Take the 2-minute tour ×
Stack Overflow is a question and answer site for professional and enthusiast programmers. It's 100% free, no registration required.

I stripped some tags that I thought were unnecessary from an XML file. Now when I try to parse it, my SAX parser throws an error and says my file is not well-formed. However, I know every start tag has an end tag. The file's opening tag has a link to an XML schema. Could this be causing the trouble? If so, then how do I fix it?

Edit: I think I've found the problem. My character data contains "&lt" and "&gt" characters, presumably from html tags. After being parsed, these are converted to "<" and ">" characters, which seems to bother the SAX parser. Is there any way to prevent this from happening?

share|improve this question
    
validator.w3.org –  bernie Apr 2 '09 at 6:41
    
The opening tag link to an XML schema might be a namespace. You'll want to leave that in. –  bernie Apr 2 '09 at 6:43
    
Might help is you provided the actual error from SAX. –  S.Lott Apr 2 '09 at 16:05
    
Never give a summary of the error message ("says my file is not well-formed"). Always the litteral message. –  bortzmeyer Apr 3 '09 at 9:32

4 Answers 4

up vote 1 down vote accepted

Does the sax parser not give you details about where it thinks it's not well-formed?

Have you tried loading the file into an XML editor and checking it there? Do other XML parsers accept it?

The schema shouldn't change whether or not the XML is well-formed or not; it may well change whether it's valid or not. See the wikipedia entry for XML well-formedness for a little bit more, or the XML specs for a lot more detail :)

EDIT: To represent "&" in text, you should escape it as &amp;

So:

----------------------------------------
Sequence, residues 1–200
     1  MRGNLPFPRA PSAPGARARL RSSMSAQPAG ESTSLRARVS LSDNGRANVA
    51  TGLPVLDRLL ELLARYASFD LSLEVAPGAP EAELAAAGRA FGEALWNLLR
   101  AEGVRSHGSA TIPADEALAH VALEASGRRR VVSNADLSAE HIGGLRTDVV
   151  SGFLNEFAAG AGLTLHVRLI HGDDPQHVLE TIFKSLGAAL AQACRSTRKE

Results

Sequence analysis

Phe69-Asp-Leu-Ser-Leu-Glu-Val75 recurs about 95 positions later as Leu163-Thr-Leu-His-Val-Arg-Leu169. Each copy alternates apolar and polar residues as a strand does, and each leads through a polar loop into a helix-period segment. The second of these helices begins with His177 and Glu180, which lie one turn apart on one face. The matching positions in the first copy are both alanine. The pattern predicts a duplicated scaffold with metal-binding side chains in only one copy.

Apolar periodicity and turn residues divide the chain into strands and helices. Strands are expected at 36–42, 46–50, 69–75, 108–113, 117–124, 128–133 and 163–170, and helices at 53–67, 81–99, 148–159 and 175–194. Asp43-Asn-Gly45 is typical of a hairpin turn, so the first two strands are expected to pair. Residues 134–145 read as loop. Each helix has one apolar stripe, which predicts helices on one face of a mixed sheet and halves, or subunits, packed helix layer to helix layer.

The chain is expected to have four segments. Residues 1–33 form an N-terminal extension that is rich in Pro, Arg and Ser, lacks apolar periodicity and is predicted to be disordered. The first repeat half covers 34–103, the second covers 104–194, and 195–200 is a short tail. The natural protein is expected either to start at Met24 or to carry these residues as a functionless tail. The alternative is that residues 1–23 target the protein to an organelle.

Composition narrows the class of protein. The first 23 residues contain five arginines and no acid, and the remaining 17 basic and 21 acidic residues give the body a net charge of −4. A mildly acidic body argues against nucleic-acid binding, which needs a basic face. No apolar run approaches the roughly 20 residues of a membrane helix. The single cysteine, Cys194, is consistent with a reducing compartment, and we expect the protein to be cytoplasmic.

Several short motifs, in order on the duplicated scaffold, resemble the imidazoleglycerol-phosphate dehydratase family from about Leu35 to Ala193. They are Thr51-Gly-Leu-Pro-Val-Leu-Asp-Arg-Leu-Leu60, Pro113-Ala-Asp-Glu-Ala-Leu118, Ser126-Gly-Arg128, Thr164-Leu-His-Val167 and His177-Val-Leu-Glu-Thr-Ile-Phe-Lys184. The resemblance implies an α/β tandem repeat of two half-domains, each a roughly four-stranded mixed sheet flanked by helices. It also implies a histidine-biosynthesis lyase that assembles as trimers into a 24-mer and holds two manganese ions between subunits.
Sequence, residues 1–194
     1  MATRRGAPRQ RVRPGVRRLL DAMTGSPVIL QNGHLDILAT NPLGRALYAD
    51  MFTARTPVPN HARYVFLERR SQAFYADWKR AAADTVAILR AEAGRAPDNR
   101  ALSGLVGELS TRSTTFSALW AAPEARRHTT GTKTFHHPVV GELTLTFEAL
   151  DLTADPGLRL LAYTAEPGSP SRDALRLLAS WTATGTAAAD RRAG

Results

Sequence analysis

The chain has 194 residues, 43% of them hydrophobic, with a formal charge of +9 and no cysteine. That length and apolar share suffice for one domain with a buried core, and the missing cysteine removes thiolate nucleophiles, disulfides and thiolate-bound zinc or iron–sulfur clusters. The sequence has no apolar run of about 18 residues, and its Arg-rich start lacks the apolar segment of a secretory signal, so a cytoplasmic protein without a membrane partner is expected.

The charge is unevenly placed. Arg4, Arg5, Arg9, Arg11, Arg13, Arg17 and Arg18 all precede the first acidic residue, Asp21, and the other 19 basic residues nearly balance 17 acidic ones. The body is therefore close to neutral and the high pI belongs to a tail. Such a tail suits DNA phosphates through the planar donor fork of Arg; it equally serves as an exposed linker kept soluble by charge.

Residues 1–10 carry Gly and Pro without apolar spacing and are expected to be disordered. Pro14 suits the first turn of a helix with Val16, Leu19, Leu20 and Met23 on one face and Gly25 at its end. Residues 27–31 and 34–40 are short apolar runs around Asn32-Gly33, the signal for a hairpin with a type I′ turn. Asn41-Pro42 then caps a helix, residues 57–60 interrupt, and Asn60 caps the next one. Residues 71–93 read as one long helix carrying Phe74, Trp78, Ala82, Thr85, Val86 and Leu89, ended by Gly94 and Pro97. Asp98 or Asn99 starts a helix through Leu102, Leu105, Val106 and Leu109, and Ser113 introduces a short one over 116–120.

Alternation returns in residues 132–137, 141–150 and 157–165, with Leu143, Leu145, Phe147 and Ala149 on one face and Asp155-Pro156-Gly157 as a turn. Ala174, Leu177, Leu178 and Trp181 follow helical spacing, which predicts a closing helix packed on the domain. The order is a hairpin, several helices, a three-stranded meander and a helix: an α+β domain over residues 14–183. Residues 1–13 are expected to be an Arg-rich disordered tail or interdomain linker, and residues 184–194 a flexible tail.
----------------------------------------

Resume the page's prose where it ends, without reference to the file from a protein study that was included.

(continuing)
&lt

should be

&amp;lt

(assuming you really want ampersand, l, t).

share|improve this answer
    
I examined the file in the offending place, and it is only character data (unless I'm counting the lines wrong). Unfortunately, the file is too large to be worked with in a standard editor. I have a root tag, and open and close tags. This remains a mystery. –  Jacob Lyles Apr 2 '09 at 7:39
    
Try it with another non-DOM parser (XmlReader in .NET, or maybe SAX in Java) and see whether it works there or possibly gives more useful information. –  Jon Skeet Apr 2 '09 at 7:45
    
"Too large"? Stop using vague words. How many bytes is it? It may be time to switch a serious editor... –  bortzmeyer Apr 3 '09 at 9:33
    
I figured out the problem. I am reading in the data with the SAX parser and writing it back out. In process, some character data with "&lt" "&gt" symbols are getting converted into "< >". Presumably they are HTML tags. Do you know how to stop this from happening? –  Jacob Lyles Apr 3 '09 at 20:54

I would suggest putting those tags back in and making sure it still works. Then, if you want to take them out, do it one at a time until it breaks.

However, I question the wisdom of taking them out. If it's your XML file, you should understand it better. If it's a third-party XML file, you really shouldn't be fiddling with it (until you understand it better :-).

share|improve this answer

I would second recommendation to try to parse it using another XML parser. That should give an indication as to whether it's the document that's wrong, or parser.

Also, the actual error message might be useful. One fairly common problem for example is that the xml declaration (if one is used, it's optional) must be the very first thing -- not even whitespace is allowed before it.

share|improve this answer

You could load it into Firefox, if you don't have an XML editor. Firefox shows you the error.

share|improve this answer

Your Answer

 
discard

By posting your answer, you agree to the privacy policy and terms of service.

Not the answer you're looking for? Browse other questions tagged or ask your own question.